As plans progress for the proposed performing arts facility, we urge the College to be more forthcoming with information. At a faculty meeting last May, the administration explained to the faculty that Mr. Allen’s gift came very quickly and therefore it was difficult to get faculty input. At the time, the Record admonished the administration for not accepting the gift through the proper channels, namely the Committee on Priorities and Resources, which is a faculty committee charged with advising the college on issues of spending and identifying areas in need of funding. A large capital project such as the construction of the proposed performing arts center, in addition to carrying the implication of a shift in curricular priorities, clearly changes spending priorities and requires the designation of funds for maintenance. Thus, we argued, it was precisely the kind of decision the CPR should have been informed of. We understand, of course, that generous gifts such as Mr. Allen’s are quite sensitive and must be dealt with delicately.
However, the specifics of the gift itself are not the only issues surrounding the project about which the college has been less than clear. Since May we have heard several different stories about the proposed construction site. The administration said that the area south of Walden Street would be the ideal site for the facility.
Over the summer, however, the administration said it was looking into at least four sites: the area behind the Greylock Quad, the northwest corner of Main and Southworth Streets and the southwest corner of Main Street and Stetson Court, in addition to the primary site.
When Sasaki Associates, the firm the College hired to look at various sites in the area, met with townspeople on Thursday night, they told the audience, “We come to campus without any previous involvement in the process of choosing a site for the new facility.” This seems to suggest that the site for the facility is still entirely up in the air.
But in an interview with the Record last night, President of the College Harry C. Payne said, “The College has determined on its best judgement that the facility would go well [south of Walden Street]. When we hired Sasaki we asked them to examine the virtues of the primary site and hear every possible concern about that site and see how the College could answer those problems. Secondly, if there is a great liability in the primary site, they should evaluate other possible sites as if they are starting from scratch.”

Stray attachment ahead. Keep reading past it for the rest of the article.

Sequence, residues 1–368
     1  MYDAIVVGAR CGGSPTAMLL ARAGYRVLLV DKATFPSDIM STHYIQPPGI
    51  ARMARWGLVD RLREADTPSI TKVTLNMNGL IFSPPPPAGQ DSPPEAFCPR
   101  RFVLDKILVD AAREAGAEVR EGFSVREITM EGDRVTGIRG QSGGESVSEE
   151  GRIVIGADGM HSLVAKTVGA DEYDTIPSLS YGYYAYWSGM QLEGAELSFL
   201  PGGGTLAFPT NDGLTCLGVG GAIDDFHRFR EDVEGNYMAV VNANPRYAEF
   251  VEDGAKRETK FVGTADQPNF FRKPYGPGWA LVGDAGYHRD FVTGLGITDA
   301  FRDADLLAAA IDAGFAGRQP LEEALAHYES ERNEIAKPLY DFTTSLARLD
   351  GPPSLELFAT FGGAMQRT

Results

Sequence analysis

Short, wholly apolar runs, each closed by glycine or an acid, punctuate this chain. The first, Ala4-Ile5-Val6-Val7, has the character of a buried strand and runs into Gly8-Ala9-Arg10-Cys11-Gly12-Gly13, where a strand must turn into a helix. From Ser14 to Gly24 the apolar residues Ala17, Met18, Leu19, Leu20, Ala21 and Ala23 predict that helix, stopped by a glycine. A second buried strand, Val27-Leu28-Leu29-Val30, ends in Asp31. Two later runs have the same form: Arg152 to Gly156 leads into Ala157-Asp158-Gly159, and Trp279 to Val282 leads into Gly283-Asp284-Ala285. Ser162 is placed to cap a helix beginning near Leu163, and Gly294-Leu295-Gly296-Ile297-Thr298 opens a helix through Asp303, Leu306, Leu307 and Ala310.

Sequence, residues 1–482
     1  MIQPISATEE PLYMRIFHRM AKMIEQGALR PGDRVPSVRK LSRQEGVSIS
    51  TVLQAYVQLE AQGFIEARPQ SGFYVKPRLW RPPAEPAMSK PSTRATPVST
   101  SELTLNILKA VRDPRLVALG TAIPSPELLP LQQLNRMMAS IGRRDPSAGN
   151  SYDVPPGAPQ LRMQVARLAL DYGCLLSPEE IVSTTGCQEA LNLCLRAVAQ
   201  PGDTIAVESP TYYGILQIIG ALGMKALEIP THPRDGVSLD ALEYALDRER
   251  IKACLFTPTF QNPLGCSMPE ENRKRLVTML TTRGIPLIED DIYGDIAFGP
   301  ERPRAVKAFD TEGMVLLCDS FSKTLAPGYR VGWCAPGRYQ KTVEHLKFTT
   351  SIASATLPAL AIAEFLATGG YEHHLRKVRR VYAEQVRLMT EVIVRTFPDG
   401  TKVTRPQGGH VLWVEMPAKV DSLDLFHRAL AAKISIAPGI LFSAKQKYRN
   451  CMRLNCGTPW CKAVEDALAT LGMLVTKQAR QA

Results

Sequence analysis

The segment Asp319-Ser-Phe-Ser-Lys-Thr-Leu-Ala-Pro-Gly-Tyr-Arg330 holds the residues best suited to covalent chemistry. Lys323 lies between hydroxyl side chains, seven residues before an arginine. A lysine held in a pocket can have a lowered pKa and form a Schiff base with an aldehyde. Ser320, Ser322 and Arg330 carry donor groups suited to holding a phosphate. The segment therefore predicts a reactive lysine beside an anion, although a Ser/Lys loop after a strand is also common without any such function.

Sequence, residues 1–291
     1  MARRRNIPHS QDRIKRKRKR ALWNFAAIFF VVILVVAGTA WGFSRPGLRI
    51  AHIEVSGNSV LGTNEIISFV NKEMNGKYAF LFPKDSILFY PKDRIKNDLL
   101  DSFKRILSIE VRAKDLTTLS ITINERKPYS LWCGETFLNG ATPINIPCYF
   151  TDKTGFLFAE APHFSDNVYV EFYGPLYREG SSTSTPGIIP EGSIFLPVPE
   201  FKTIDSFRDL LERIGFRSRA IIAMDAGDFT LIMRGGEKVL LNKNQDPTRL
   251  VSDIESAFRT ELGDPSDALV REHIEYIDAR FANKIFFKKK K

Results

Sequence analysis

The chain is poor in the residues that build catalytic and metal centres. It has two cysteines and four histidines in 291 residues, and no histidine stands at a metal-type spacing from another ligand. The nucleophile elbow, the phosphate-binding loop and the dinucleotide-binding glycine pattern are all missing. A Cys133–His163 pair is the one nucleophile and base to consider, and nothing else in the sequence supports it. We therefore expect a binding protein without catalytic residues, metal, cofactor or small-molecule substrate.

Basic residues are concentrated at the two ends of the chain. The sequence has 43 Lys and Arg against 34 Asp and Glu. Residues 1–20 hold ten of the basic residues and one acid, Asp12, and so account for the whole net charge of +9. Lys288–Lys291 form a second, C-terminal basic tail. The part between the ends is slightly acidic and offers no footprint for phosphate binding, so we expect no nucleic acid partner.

Thus, we are receiving two apparently contradictory messages from two groups who are supposed to be working together. If the College has a definite plan for the site, why is the firm it hired to look into a site telling the townspeople differently? Why did the College hire Sasaki Associates at all?
Lane Zumelsky, a member of the Williamstown Community Association, noted that he was pleased that the College was taking steps to rebuild trust with the community and hoped it would continue. If this is indeed the case, it is admirable. However, increased trust requires increased disclosure of information. Although the College does seem willing to address some concerns about the area that it has earmarked for the new facility, the extent of its commitment to addressing these concerns is unclear. Will the College listen to concerns about the proposed site with the tacit assumption that it will not seriously consider other sites?
As far as actual decisions are concerned, this debate may not be relevant. The proposed site is on college-owned property, and because of Massachusetts State law, Williams College is not subject to the same zoning restrictions as normal residents are. In the end, the college will do as it pleases. Yet, as Payne himself said, the College wants to be a good neighbor. A good neighbor would try to keep his fellow neighbors informed of any actions that might directly affect them. A good neighbor would try to eliminate ambiguity about its intentions, not create more. Williams College should be a good neighbor.